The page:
If you don’t have root or Android 10, things get a little more complicated, because this procedure is only available in Android versions prior to 6.0 Marshmallow. This is because, as of this version, Android automatically encrypts the /data partition. And can you figure out where the password file is? Specifically, in this partition.

Before you begin, make sure you have a computer – regardless of whether it is Windows, Mac, or Linux – a USB cable, and the ADB drivers installed on the computer to be used. Whether or not you intend to view Wi-Fi network passwords after completing this procedure, installing ADB drivers is highly recommended because it will allow you to perform other advanced processes on Android, such as installing ROMs or modifying critical system components.

Once installed, open a CMD command window with Shift + Right Click in the folder where you installed ADB on a Windows computer, or simply execute the ADB command in a terminal window on a Mac.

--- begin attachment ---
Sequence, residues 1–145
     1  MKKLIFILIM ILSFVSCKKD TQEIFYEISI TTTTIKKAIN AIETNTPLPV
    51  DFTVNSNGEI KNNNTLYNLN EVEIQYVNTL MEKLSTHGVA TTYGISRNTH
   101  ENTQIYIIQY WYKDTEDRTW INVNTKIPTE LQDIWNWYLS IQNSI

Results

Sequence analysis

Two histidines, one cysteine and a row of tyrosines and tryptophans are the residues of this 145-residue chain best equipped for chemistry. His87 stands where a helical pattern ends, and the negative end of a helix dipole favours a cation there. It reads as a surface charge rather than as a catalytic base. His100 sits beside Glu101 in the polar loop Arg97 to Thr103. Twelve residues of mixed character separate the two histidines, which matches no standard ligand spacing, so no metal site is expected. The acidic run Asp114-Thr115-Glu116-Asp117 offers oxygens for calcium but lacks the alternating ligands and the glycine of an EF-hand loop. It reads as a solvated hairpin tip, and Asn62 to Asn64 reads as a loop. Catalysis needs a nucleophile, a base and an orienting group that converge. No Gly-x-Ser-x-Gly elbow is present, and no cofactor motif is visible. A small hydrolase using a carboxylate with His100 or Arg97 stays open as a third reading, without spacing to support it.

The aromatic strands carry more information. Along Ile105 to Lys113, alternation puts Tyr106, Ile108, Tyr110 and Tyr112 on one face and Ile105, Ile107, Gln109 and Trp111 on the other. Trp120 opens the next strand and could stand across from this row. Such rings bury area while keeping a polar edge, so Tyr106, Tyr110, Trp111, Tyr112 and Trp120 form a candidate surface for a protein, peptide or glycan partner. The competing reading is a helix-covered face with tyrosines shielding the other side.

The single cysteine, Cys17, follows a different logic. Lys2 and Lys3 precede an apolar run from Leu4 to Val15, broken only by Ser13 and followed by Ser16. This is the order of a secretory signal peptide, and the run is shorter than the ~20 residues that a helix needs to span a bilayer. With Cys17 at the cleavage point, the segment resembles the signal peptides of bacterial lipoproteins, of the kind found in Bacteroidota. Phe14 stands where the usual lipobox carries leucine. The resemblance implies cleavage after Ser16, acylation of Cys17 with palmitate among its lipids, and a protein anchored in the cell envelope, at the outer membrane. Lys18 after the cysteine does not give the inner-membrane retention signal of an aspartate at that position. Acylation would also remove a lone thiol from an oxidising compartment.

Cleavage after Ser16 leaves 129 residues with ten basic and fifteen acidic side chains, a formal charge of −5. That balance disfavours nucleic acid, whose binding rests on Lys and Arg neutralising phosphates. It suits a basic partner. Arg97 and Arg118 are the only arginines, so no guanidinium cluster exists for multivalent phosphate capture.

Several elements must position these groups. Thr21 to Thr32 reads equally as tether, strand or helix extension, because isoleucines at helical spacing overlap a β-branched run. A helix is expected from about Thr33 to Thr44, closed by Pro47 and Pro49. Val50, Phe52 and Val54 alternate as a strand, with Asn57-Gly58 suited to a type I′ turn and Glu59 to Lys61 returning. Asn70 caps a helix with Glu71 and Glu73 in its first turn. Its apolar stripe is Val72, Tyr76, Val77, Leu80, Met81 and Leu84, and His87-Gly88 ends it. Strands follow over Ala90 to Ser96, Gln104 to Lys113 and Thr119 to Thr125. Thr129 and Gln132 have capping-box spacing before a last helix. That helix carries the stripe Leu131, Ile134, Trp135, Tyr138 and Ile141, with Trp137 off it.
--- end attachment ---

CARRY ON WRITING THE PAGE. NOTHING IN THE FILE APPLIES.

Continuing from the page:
The next step is to connect the Android device to the computer via USB, making sure you have enabled USB debugging in the developer settings – if you can’t find them in the settings panel, go to the “Device Information” section and click on the build number several times.

With the phone connected and the command window open, run the following command to see if the computer correctly detects the device:

adb devices

If everything is in order, the device’s serial number will be displayed. Finally, you must gain access to the file containing the Wi-Fi passwords. However, instead of opening it, we will make a copy that will be saved directly on the computer’s hard drive. To accomplish this, run the following command: